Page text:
The thing that really cemented my bond to the station, though, was its response to a senseless crime. A great many metro New Yorkers vividly recall getting the news of John Lennon’s murder, minutes after it happened, from Vin Scelsa on WNEW. John and Yoko were familiar faces in the city and been particular friends of the station (John was tight with Scott Muni). The grief-stricken staff went to all-Beatles-and-Lennon programming for the next several days, sharing music and reminiscences and unfolding news. The culmination was a live broadcast of the Lennon memorial vigil held in Central Park the following Sunday.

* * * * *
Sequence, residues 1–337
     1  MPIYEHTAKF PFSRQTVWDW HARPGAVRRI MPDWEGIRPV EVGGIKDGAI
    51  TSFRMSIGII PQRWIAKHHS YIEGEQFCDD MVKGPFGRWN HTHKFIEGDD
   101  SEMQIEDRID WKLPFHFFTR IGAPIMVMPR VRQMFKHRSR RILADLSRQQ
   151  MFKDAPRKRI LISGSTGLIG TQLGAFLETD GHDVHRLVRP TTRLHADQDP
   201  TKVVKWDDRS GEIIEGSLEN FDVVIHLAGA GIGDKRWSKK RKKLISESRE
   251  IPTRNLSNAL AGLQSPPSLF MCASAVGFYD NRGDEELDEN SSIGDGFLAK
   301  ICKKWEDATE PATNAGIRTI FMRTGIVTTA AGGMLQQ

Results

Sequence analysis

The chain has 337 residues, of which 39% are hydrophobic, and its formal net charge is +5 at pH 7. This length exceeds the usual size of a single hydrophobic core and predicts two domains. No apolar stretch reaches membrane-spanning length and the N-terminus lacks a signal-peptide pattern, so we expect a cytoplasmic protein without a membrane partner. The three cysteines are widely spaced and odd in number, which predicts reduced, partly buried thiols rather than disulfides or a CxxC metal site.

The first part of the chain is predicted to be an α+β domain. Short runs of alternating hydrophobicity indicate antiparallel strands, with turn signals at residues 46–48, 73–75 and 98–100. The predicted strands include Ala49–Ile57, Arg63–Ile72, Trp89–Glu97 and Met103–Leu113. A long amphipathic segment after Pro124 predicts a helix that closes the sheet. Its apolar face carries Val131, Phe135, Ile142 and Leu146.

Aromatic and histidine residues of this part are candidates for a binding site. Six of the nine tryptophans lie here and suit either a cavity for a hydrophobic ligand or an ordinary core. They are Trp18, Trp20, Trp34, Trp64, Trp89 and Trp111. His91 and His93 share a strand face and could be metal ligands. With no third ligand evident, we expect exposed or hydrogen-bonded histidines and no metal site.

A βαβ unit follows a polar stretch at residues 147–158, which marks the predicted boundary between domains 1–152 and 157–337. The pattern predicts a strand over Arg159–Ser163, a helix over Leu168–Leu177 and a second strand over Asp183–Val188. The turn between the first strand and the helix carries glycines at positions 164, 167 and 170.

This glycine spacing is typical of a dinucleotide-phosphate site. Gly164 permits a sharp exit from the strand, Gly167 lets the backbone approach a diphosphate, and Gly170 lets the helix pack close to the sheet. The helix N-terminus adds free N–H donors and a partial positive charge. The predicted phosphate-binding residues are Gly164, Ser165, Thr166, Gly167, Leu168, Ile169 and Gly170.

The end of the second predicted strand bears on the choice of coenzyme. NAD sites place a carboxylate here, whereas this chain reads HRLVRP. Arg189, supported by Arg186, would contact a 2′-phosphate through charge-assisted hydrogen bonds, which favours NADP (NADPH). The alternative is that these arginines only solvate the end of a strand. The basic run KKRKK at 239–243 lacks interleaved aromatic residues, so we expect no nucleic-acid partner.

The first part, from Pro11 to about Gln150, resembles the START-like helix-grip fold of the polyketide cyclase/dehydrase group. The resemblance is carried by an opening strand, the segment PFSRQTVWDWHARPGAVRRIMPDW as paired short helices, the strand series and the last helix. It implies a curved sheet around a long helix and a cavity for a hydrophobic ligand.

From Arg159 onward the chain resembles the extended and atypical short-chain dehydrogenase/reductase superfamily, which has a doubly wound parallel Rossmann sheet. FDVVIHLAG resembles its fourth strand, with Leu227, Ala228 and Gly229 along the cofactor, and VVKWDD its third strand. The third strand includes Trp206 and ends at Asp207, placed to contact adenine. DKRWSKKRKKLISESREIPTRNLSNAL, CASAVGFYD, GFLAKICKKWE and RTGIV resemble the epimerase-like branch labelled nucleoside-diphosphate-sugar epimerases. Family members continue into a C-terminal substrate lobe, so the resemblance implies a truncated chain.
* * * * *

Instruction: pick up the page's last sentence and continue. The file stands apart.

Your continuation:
I don’t remember the moment I got the news of the shooting, but I have a strong memory of sitting on the floor of my bedroom and listening to the Central Park broadcast. The focal point of the ceremony was a long moment of silence: ten minutes long. I kept silent too; I remember my mother coming into my room wanting to ask me something; I turned my head and gave her a look, and she left me alone. She understood. Listening to a radio broadcast of near-total silence might seem odd; for that matter, my feeling grief for the death of a rock star I’d never met might seem just as odd. But I was 16, and a Beatles fan, and the circumstances were especially cruel at a moment when Lennon’s career and life seemed to be on an upswing. The broadcast was haunting and affecting, like a needle stuck in a run-out groove. I felt present with the friends and family, with the thousands of mourners in Central Park and others keeping vigil around the world. It’s the most memorable funeral I’ve ’attended’, and WNEW was uniquely situated to make my participation possible. Whether one reveres the Beatles or not is beside the point. It was a rare milestone in broadcasting history, and a remarkable coalescence of a virtual human community.